R Op NR Technical standards settings
Om R Radio frequency allocation
The FCC works in conjunction with the National Telecommunications and Information Administration (NTIA) of the Department of Commerce.
R Spectrum monitoring and enforcement
R Numbering
The Telecom Act of 1996 gives the FCC jurisdiction over the North American Numbering Plan (NANP). We have appointed a NANP administrator, NeuStar, and delegated certain responsibilities to state commissions pursuant to that authority.
R Type approval
Parts 15 and 68 of the FCC's rules involve certification or registration of equipment. For many types of equipment, we allow manufacturer declarations of conformity with the rules. Some equipment - network equipment, for example - is not subject to FCC rules but industry technical requirements apply.
R Op Service quality monitoring
FCC rules currently require certain incumbent local exchange carriers to report service quality data, but the Commission has granted forbearance from these obligations. State regulators may monitor service quality.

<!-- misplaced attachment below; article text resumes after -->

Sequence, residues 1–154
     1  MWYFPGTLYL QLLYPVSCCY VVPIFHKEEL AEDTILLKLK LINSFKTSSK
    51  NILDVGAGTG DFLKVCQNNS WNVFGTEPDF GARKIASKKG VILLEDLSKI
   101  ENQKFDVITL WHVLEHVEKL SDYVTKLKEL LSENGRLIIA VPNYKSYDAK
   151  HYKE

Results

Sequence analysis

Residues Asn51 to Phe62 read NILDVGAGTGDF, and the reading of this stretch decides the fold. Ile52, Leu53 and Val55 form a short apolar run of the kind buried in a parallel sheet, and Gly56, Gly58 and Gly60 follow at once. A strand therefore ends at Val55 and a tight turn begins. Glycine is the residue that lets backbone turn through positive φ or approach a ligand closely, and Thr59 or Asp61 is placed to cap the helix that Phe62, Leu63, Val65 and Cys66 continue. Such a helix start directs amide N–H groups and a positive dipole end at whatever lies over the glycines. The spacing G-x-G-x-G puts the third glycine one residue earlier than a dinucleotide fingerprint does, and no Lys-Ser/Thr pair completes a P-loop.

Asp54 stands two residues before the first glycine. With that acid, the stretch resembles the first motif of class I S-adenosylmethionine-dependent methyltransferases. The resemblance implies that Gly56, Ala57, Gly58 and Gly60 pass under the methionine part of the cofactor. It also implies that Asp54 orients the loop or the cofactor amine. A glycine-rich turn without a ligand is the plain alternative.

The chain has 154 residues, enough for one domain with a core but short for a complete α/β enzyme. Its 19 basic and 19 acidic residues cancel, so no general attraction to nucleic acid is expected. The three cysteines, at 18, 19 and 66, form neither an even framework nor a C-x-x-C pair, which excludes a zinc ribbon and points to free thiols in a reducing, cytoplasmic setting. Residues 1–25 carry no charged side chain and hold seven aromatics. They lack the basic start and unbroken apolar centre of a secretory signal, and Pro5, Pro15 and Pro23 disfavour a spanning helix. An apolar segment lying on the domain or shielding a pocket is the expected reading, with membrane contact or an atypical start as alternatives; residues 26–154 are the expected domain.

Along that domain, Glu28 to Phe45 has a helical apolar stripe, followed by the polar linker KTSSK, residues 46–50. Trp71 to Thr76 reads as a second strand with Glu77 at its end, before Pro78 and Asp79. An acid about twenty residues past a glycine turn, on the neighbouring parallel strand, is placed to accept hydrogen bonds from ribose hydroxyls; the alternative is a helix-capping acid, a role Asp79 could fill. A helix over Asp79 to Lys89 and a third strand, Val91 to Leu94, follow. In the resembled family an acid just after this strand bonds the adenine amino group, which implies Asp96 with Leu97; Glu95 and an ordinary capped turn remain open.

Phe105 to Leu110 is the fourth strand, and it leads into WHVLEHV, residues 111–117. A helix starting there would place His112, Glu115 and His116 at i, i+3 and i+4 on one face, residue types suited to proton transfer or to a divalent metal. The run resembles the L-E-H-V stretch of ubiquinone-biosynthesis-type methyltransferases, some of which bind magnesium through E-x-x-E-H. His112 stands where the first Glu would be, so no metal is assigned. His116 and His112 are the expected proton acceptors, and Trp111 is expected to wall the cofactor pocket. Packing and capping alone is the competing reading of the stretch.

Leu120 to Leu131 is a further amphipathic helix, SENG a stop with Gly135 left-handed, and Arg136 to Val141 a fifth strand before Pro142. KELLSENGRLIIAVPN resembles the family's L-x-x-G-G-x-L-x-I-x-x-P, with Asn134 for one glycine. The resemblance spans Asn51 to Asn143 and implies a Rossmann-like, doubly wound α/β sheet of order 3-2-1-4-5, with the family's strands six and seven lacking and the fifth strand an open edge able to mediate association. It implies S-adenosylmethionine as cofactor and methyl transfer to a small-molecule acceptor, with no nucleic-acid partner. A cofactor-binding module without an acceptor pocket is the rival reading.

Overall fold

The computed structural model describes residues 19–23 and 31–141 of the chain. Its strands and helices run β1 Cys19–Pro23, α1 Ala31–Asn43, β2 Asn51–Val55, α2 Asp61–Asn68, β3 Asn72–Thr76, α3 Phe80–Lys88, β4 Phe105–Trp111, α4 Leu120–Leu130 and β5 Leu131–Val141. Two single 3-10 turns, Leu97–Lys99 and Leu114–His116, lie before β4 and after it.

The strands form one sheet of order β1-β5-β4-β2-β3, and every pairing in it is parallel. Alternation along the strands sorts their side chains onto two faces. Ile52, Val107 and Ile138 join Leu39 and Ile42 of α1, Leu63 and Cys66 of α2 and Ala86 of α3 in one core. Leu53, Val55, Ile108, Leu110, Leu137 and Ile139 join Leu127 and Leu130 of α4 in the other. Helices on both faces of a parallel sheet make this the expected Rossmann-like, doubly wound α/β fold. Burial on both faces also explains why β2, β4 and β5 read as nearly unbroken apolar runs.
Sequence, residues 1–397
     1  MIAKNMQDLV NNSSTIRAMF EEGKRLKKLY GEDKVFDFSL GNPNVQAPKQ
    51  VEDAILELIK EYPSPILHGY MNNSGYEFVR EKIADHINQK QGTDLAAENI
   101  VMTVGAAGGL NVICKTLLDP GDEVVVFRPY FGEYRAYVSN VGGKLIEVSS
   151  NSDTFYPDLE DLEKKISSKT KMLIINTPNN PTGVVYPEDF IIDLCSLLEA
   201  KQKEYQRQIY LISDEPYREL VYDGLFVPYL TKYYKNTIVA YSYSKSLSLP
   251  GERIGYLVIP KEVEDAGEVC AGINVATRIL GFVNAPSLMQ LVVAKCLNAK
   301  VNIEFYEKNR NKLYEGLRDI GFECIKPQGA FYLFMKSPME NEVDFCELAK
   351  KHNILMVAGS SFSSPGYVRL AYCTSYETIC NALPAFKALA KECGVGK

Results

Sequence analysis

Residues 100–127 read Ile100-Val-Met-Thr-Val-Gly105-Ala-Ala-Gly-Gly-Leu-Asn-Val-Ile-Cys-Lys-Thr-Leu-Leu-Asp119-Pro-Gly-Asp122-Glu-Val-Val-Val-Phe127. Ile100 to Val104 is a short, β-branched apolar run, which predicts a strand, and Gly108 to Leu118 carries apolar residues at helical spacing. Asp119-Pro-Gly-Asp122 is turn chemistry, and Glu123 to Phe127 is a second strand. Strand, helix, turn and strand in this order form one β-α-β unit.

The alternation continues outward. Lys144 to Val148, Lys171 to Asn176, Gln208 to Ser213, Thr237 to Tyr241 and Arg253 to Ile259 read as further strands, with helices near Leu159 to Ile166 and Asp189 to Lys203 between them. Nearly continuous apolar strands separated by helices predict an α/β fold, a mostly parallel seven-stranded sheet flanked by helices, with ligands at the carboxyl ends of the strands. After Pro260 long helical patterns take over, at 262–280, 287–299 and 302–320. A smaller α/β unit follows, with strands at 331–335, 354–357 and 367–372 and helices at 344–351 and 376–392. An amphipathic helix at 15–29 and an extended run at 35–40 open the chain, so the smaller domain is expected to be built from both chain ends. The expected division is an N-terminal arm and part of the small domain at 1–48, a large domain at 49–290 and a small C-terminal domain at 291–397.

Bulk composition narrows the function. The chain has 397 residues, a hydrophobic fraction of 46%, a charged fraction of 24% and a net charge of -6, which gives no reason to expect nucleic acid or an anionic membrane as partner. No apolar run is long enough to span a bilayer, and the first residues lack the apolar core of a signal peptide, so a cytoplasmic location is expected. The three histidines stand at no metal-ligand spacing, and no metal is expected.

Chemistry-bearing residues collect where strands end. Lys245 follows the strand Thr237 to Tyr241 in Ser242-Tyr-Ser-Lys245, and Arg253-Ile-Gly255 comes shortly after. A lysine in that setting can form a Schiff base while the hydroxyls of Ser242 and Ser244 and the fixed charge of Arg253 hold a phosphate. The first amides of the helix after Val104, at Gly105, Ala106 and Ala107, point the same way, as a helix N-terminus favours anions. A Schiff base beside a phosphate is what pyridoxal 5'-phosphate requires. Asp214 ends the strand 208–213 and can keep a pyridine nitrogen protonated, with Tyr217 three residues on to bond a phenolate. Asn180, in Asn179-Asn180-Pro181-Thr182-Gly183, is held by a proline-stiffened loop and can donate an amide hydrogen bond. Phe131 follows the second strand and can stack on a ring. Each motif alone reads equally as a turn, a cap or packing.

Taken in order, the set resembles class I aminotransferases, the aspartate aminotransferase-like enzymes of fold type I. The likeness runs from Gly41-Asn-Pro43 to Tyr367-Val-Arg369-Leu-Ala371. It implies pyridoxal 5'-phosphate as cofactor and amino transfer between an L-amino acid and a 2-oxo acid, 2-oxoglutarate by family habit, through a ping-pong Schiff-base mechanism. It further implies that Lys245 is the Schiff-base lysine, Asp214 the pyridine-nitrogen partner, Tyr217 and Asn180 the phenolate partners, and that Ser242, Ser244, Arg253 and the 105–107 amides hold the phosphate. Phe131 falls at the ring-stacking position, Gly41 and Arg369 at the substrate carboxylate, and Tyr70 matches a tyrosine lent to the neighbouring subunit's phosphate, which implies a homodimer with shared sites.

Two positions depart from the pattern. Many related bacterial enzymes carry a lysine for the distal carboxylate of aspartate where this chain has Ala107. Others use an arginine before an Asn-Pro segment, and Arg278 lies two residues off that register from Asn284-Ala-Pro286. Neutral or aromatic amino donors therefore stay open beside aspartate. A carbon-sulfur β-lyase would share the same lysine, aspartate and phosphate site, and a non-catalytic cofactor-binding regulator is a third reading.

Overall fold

R Universal Service
Eligibility criteria for income eligible consumers vary by state. States may also have their own programs which may have their own criteria.
R Quality of service standards
The FCC does not impose quality of service standards. State regulators may impose such standards, with regard to intrastate services.
R Enforcement of quality of service obligations
The FCC has granted forbearance from incumbent local exchange carriers’ obligations to report service quality data. State regulators may enforce their state’s service quality standards and reporting obligations.
R Broadcasting
R Broadcasting content
It is a violation of federal law to air obscene programming at any time. It is also a violation of federal law to broadcast indecent or profane programming during certain hours. Congress has given the FCC the responsibility for administratively enforcing the law that governs these types of broadcasts
NR Information technology
NR Internet content
Key: M - Sector Ministry
R - Regulatory Authority
Om - Other Ministry or Government body
Op - Operator
O - Other
NR - Not regulated
Recent Legislation 2013
YearLegislation
2010 The Satellite Television Extension and Localism Act of 2010 ("STELA")
Reauthorizes the Satellite Home Viewer Extension and Reauthorization Act of 2004 (SHVERA) by extending the effectiveness and amending certain provisions in the Communications Act and the Copyright Act. These provisions govern the delivery of distant network-affiliated broadcast television station signals by satellite providers.